6 reasons you should definitely have a dog for your emotional well-being

I’ve never considered myself a dog person, so I’m not quite sure how I ended up with a 3-pound Havachon puppy two weeks ago. Nevertheless I am now a dog owner and I’m not afraid to admit that I have unexpectedly become one of those dog lovers who thinks nothing of letting my puppy kiss me on the lips.

Despite my aversion to that wet dog smell, poop on the rug and licked furniture all over the house, I have to admit that I have fallen madly in love with this adorable, furry, cuddly, fun little pup, who showers me with kisses several times daily and who happens to by laying on my lap as I write this column.

My new four-legged friend named Jackson got me thinking, is a dog really man’s best friend? What are the emotional benefits of having a furry friend? (And I’m not talking about a boyfriend who has a lot of body hair!) What does a dog’s love give us? What does it do for single people? And how does having a dog impact families?

For answers to these questions, I reached out to Lisa Kaplin, a North Shore-based psychologist and life coach, who also happens to be a dog owner. Kaplin said so many of her clients – particularly those who are going through a divorce or becoming empty nesters have asked her, “What do you think about me getting a dog?”

“I tell them, ‘Don’t get a pet to fill a need. Get one because you want a mutual relationship,'” said Kaplin, who with her husband and kids got their goldendoodle Ginger 10 years ago. “You have to be there for the dog as much as the dog is there for you.”

Kaplin, who has been a life coach for six years and a psychologist for 17, said the wrong reason for getting a dog is because you think the dog will fix your life problems, and that you won’t be sad and lonely anymore. The right reason: because you might enjoy the companionship and the emotional investment that an animal requires.

So, what does Fido bring to the table? Kaplin and I came up with a few things:

1. Humor and energy

A dog brings out the playful side of everyone. We’re all so busy and serious and stressed, and dogs help us forget about things for a little while. They do things that make you laugh out loud, that make you giggle and smile and that make you feel warm and youthful and lighthearted.

2. No judgment

The dog loves everybody. He or she doesn’t take sides. When things in the family get rough, the dog is there to support everybody. Your furry guy is a neutral party.

3. Lessons

A dog can teach us how to care for the animal, and how to be sensitive to and aware of the needs and feelings of others. A pet can also teach us how to take responsibility for him or her. This is especially important for kids, who are experiencing the discipline needed to feed, walk and even play with the dog.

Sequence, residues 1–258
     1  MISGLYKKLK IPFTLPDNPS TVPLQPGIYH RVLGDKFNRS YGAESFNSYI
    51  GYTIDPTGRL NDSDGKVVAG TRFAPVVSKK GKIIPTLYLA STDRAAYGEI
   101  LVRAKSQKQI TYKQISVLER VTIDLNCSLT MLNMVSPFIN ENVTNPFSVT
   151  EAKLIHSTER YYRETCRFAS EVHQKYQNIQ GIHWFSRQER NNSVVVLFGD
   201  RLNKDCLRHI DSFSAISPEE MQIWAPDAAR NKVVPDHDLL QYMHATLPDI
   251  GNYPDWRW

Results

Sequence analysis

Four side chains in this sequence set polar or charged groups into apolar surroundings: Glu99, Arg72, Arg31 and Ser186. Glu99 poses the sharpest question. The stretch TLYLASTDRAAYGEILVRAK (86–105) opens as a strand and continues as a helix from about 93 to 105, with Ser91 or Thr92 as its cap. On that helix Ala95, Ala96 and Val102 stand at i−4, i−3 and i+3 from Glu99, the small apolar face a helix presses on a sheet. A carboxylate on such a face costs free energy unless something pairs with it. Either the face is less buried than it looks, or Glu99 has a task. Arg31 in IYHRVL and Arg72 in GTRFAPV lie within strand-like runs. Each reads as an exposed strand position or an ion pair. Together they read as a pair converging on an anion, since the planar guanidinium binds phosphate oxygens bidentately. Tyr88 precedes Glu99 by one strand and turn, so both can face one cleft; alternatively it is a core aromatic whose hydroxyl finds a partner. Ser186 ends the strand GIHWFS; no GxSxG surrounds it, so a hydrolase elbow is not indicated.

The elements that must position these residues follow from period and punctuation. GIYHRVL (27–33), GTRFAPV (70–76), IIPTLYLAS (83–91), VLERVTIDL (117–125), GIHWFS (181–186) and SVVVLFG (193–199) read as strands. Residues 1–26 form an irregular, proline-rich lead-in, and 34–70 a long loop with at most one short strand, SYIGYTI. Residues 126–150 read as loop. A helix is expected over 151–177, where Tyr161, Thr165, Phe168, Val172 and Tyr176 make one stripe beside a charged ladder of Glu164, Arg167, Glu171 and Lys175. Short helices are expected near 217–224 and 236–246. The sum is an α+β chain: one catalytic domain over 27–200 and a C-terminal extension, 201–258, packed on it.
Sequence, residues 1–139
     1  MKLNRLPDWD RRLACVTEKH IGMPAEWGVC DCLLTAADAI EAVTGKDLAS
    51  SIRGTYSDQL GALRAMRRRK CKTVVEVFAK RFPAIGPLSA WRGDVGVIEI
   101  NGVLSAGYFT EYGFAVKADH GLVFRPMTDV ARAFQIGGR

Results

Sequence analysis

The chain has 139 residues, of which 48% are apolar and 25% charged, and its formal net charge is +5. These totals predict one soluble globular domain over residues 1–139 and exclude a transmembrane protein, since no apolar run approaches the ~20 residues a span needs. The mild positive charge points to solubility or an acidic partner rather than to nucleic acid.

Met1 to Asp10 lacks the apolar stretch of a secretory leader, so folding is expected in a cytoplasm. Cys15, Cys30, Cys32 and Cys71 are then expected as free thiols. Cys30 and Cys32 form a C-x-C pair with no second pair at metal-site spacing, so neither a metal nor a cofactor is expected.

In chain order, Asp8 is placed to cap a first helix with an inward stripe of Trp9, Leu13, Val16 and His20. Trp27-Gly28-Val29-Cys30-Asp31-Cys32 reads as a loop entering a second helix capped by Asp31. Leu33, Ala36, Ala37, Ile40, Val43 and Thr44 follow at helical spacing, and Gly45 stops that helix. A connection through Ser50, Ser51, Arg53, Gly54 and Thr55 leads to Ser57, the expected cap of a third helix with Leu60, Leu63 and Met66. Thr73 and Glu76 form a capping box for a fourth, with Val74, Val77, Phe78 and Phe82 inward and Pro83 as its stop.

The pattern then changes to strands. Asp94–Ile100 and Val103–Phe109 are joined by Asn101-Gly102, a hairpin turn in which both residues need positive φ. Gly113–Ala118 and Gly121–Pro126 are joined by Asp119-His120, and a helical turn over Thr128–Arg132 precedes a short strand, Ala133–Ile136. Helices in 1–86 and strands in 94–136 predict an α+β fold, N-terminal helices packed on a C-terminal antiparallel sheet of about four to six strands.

4. Calmness

Although to me it sounds a little ironic, (since I’ve spent the past 14 days trying to house train my puppy) Kaplin said she personally gets a sense of calm when spending time with her dog. She also said having a dog can help a child to overcome his or her fear of animals.

5. Unconditional love

Here you are with someone in the world who loves you no matter what. A dog doesn’t love you because of the way you look or what you can do for him or her. A dog’s love is just simple love. You walk in the door and the dog is happy to see you.

6. Drama-free love

That’s what I call it. Kaplin calls it “uncomplicated love. You’re never going to have an argument with your dog and you never have to worry about what he or she is thinking, that you might have said something wrong or that the dog has an issue with you. A dog loves you. That’s it. It’s pretty simple.

I won’t lie and say that having a puppy is easy. In fact, I just had to take a break from writing this so I could clean up his accident. Second time today! But Jackson is worth it!

People say getting a puppy is like having a baby. No offense to pet owners who have never had kids, but I totally disagree. Granted, he is a baby – dependent on us for everything and crazy with excitement when we walk in the door. But what I see happening is that we are getting this gift of tremendous warmth and love in our home, and we aren’t having to get up and feed and change him every three hours! Don’t get me wrong, I loved having babies, but having a dog feels more like a new friend who just came to live with us, who doesn’t want much – just food, water, playtime, love and a tummy rub every now and again. It’s pretty doggone sweet.

By Jackie PilossophPioneer Press
Jackie Pilossoph is a freelance columnist for Chicago Tribune Media Group. She is also the creator of her divorce support website, Divorced Girl Smiling. Pilossoph lives in Chicago with her two children.

Original article at: http://www.chicagotribune.com/suburbs/lake-zurich/lifestyles/ct-ppn-column-love-essentially


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